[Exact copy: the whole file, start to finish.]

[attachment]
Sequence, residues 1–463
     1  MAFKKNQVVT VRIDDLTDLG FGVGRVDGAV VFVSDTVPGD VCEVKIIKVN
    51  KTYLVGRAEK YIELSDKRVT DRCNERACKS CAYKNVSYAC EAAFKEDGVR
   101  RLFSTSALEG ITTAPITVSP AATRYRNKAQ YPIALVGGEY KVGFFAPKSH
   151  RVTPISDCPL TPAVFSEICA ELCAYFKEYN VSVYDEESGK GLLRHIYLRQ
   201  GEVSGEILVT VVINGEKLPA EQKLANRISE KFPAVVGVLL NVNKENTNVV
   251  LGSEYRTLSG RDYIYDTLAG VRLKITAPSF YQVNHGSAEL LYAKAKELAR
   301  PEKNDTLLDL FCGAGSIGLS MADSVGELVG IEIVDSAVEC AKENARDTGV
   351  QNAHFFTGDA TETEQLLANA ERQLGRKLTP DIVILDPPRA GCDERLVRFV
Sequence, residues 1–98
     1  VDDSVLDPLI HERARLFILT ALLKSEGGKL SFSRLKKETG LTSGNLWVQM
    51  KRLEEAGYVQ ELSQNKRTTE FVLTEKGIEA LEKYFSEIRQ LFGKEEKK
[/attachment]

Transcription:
Sequence, residues 1–463
     1  MAFKKNQVVT VRIDDLTDLG FGVGRVDGAV VFVSDTVPGD VCEVKIIKVN
    51  KTYLVGRAEK YIELSDKRVT DRCNERACKS CAYKNVSYAC EAAFKEDGVR
   101  RLFSTSALEG ITTAPITVSP AATRYRNKAQ YPIALVGGEY KVGFFAPKSH
   151  RVTPISDCPL TPAVFSEICA ELCAYFKEYN VSVYDEESGK GLLRHIYLRQ
   201  GEVSGEILVT VVINGEKLPA EQKLANRISE KFPAVVGVLL NVNKENTNVV
   251  LGSEYRTLSG RDYIYDTLAG VRLKITAPSF YQVNHGSAEL LYAKAKELAR
   301  PEKNDTLLDL FCGAGSIGLS MADSVGELVG IEIVDSAVEC AKENARDTGV
   351  QNAHFFTGDA TETEQLLANA ERQLGRKLTP DIVILDPPRA GCDERLVRFV
Sequence, residues 1–98
     1  VDDSVLDPLI HERARLFILT ALLKSEGGKL SFSRLKKETG LTSGNLWVQM
    51  KRLEEAGYVQ ELSQNKRTTE FVLTEKGIEA LEKYFSEIRQ LFGKEEKK